Wirth receives Mike Downes award for nearly six decade service to amateur baseball

By Nick Gerhardt

ScoreMonster Contributor

news@mnbaseball.org

Since Leo Wirth arrived in Kimball back in 1964, you’d be hard pressed to find an activity or an organization that he hasn’t held a role. 

Wirth’s most notable contributions have come in athletics at Kimball High School and amateur baseball. He’s spent 54 years as the Central Valley League secretary and 35 years as a regional commissioner. At the Oct. 8 Minnesota Baseball Association Board of Directors meeting, he received the Mike Downes Memorial Award for his outstanding service to amateur baseball. 

Kimball Express manager Tom Marquardt first became acquainted with Wirth as a teenager in Kimball when Wirth managed the Express. 

“He’s been loyal to the community and whatever he’s been involved with,” Marquardt said. “He put his heart and soul into the community of Kimball.”

Wirth arrived in Kimball as a vocational agriculture teacher and started playing amateur ball in Kimball. It wasn’t long before he began managing the Kimball team and he took on the school’s activities director role in 1971 and held the activities director position for 30 years. He also held the school’s assistant principal title for 11 years. He made his mark in growing the number of activities and teams the school offered by nearly four-fold. 

Kimball High School’s gym bears his name to honor his decades of service to athletics in the community where he has held many positions. He’s coached volleyball, officiated junior high and junior varsity games for volleyball, football, basketball, baseball and softball. Additionally, he’s worked the clock and the official book for boys and girls varsity basketball games. 

Back in the early 1980s, Kimball sustained flood damage, in particular the baseball field suffered significant damage. Wirth spent two years, from 1983-85, leading the effort to get the field back in shape.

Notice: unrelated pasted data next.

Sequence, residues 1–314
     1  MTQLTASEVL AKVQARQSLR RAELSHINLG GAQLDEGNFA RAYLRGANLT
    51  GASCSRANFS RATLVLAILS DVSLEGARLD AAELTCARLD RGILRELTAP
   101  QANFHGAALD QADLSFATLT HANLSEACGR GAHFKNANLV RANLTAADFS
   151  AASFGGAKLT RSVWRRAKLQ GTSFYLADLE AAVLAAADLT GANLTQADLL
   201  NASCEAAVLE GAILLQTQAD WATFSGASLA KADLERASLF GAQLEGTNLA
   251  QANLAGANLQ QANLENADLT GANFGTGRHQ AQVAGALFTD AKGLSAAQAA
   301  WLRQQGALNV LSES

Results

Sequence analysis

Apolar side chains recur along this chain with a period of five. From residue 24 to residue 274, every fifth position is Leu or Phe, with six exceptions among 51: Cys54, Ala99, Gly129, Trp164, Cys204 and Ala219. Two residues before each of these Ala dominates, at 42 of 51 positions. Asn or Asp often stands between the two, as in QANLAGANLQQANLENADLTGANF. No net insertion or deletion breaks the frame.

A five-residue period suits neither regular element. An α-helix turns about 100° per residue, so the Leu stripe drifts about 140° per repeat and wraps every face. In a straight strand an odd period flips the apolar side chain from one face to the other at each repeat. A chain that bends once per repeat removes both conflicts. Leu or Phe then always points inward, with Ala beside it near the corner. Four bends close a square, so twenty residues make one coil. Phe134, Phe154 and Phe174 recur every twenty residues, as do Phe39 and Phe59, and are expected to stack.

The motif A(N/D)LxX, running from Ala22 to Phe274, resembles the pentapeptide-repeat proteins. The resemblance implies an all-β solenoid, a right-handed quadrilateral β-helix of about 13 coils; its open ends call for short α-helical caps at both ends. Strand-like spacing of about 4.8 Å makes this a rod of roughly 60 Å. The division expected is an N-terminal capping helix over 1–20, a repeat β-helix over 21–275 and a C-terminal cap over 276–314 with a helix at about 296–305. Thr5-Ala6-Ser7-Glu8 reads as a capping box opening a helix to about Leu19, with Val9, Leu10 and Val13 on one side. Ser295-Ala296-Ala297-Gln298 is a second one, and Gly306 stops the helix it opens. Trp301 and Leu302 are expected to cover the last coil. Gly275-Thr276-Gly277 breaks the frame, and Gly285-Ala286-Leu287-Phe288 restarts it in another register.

Wirth has stepped in when there’s a need in the community or elsewhere. He took over as league secretary at 27 when the position opened and his years as an activities director served him well later as a regional commissioner.

The Central Valley League has long paired with other leagues to form a region and the makeup of the region Wirth oversaw has changed through the years, leading Wirth to collaborate with many people in the area.

“I was regional commissioner of so many different leagues,” Wirth said. “I was involved with six or seven different leagues.”

The past several years have seen the Central Valley League paired with the Stearns County League and the Sauk Valley League. One half of the CVL pairs with either the Stearns or the Sauk each year and alternates the next year. It’s a unique alliance to the MBA, but it’s worked for each league. 

“It just seemed like the Central Valley needed to fit in somewhere,” Wirth said.

Wirth has worked with the Victory League, North Star League, Corn Belt and Lakewood League as well.

During his tenure as regional commissioner and league secretary he’s often let teams figure things out and step in when he’s needed. It’s been a collaborative process rather than him deciding things.

This past year Wirth stepped down as Central Valley League secretary. Wirth has spent the past six years battling melanoma and receives chemotherapy. He says he takes it day by day now.

“He’s always had a positive attitude,” Marquardt said. “He’s always had a good outlook on life.”

Wirth certainly hasn’t shied away from challenges throughout his life. Wirth helped lead the effort to build a new United Methodist Church in Kimball back in 1990 with a team of volunteers from Indiana Methodist churches. He also helped create the summer recreation program and lead a group to construct a golf course in Kimball.

Wirth has received numerous honors throughout his career. He’s a member of the Minnesota Amateur Baseball Hall of Fame and was named the Region 5A Athletic Director of the Year in 1998. 

“He’s the first one to volunteer to get stuff done or start a fundraiser,” Marquardt said. “He’s invaluable, you kind of rely on him to do some of that stuff.”

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